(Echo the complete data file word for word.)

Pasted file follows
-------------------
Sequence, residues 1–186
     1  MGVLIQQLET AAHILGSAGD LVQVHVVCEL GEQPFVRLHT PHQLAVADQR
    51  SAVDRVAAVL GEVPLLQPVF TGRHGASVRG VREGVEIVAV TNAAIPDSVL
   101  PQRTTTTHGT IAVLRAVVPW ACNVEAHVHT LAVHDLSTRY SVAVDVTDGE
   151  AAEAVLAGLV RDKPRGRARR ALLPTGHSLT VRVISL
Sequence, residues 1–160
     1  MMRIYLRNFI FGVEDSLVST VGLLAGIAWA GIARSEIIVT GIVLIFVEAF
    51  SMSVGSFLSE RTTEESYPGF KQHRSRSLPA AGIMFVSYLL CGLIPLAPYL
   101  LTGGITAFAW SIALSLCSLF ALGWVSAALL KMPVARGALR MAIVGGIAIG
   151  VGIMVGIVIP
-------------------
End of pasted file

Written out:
Sequence, residues 1–186
     1  MGVLIQQLET AAHILGSAGD LVQVHVVCEL GEQPFVRLHT PHQLAVADQR
    51  SAVDRVAAVL GEVPLLQPVF TGRHGASVRG VREGVEIVAV TNAAIPDSVL
   101  PQRTTTTHGT IAVLRAVVPW ACNVEAHVHT LAVHDLSTRY SVAVDVTDGE
   151  AAEAVLAGLV RDKPRGRARR ALLPTGHSLT VRVISL
Sequence, residues 1–160
     1  MMRIYLRNFI FGVEDSLVST VGLLAGIAWA GIARSEIIVT GIVLIFVEAF
    51  SMSVGSFLSE RTTEESYPGF KQHRSRSLPA AGIMFVSYLL CGLIPLAPYL
   101  LTGGITAFAW SIALSLCSLF ALGWVSAALL KMPVARGALR MAIVGGIAIG
   151  VGIMVGIVIP